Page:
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Diabetic patients with severe weight change are at higher risk of cardiovascular disease

Hit : 131 Date : 2022-11-22

- Seoul National University Hospital’s joint research team announced the results of analysis of a cohort of 1.5 million diabetic patients

- Increased risk of cardiovascular disease and death if you gain or lose more than 5% of your weight in 2 years

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[Figure] U-shaped associations between body weight change and major cardiovascular events were consistently observed in diabetic patients. (From the publication)


Our clinic that recommended weight loss for diabetic patients has now discovered new findings. A study found that diabetes patients who gain or lose more than 5% in body weight are more likely to develop cardiovascular disease.


On the 7th of April, the team of Professor Kim Hyung-Kwan (Dr Park Chan Soon) of Seoul National University Hospital and Professor Han Kyung-Do of Soongsil University presented the results of a cohort analysis: a study on the relationship between weight change and cardiovascular disease in 1,522,241 diabetic patients who underwent 2 comprehensive health check-ups between 2009 and 2012.


According to recent data from the Korean Diabetes Association, the prevalence of diabetes in Korea is 13.8%. About 1 in 7 adults over the age of 30 are diabetic. Compared to the general population, diabetics are more prone to cardiovascular diseases such as myocardial infarctions and strokes and have a higher mortality rate.


In particular, being obese can increase blood cholesterol levels, blood sugar levels, and blood pressure, which are major risk factors for cardiovascular disease. Therefore, under the existing medical guidelines, weight loss was recommended for obese diabetic patients.  


However, it has not yet been proven what extent of weight loss is appropriate or whether weight loss really helps prevent cardiovascular disease. Therefore, it was necessary to study the effects of weight gain and loss on the prognosis of diabetes in patients.


The research team measured the weight change of 1,522,241 diabetic patients using data from the National Health Insurance Corporation. Patients were divided into ▲10% or more weight loss ▲5%~10% weight loss ▲stable weight (less than 5% gain or loss) ▲5%~10% weight gain ▲10% or more weight gain. Occurrences of myocardial infarction, stroke, atrial fibrillation, heart failure, and death was followed for about 7 years.

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[Figure] Diabetes Mellitus patients showed U-shaped associations between body weight changes and major cardiovascular events (myocardial infarction, ischemic stroke, atrial fibrillation, and heart failure) as well as a death rate.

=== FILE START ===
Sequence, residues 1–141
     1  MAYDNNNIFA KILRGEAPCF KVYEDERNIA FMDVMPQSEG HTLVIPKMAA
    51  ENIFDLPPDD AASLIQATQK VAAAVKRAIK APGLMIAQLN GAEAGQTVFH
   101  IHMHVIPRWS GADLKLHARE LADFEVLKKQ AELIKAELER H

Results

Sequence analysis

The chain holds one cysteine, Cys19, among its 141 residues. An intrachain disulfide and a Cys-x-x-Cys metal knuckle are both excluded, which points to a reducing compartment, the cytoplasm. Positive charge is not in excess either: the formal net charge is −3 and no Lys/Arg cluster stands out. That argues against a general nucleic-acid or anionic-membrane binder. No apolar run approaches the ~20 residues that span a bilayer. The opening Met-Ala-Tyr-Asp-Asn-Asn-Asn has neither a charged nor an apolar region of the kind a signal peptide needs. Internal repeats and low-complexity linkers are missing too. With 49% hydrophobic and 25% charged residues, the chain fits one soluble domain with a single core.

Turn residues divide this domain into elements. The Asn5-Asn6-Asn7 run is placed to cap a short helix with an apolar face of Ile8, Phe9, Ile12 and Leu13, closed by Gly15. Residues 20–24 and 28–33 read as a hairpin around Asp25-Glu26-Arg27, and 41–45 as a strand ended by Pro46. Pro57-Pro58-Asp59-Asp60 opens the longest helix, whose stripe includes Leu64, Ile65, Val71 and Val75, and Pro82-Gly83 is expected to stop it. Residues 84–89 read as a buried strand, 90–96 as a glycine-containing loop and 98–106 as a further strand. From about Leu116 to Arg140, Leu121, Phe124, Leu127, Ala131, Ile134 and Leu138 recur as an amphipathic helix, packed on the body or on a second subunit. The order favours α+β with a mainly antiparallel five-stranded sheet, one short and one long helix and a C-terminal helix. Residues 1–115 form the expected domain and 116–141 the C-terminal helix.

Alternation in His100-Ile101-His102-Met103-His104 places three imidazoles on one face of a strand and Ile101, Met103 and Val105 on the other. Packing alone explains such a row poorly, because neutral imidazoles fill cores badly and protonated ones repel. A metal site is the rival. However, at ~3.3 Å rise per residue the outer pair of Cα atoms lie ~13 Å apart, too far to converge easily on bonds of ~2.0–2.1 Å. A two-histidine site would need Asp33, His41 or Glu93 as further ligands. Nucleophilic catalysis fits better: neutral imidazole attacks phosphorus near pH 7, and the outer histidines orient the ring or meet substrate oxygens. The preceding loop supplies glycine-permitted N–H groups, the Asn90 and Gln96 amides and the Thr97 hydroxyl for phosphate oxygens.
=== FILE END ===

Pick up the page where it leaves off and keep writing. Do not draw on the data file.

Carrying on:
The results showed that, compared to the stable weight group, the 5% or more weight loss group had a higher annual cardiovascular disease incidence and mortality rate.

In addition, compared to the 5% to 10% weight gain group, the annual cardiovascular disease incidence and mortality rate increased significantly in the 10% or more weight gain group.

In other words, there was U-shaped correlation meaning that the greater the patient's weight gain or loss, the higher the risk of cardiovascular disease and death.

Furthermore, this correlation was consistently found in underweight, normal weight, overweight, and obese diabetic patients groups regardless of their degree of obesity.

In other words, it was confirmed that the degree of weight change was more significantly involved in the occurrence of cardiovascular disease in diabetic patients than the degree of obesity.

Professor Kim Hyung-Kwan of the Department of Cardiovascular Medicine at SNUH said, “This study is significant in that it revealed that both rapid weight gain and loss in diabetic patients increase the risk of cardiovascular disease, contrary to existing guidelines.”  

He added that “We should not always think positively about weight loss in obese diabetic patients,”, and continued that “If a patient loses weight, it is necessary to comprehensively review how blood sugar level, diet, and exercise are being controlled and whether other diseases have occurred.”.

This study was published online on the 9th of last month in 'Diabetes Care (Impact Factor 19.112)', the most prestigious medical journal in the field of endocrine metabolism.
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[Pictures from left] SNUH Prof Kim Hyung-Kwan, Dr Park Chan Soon and Prof Han Kyung-Do from Soongsil Univ. 

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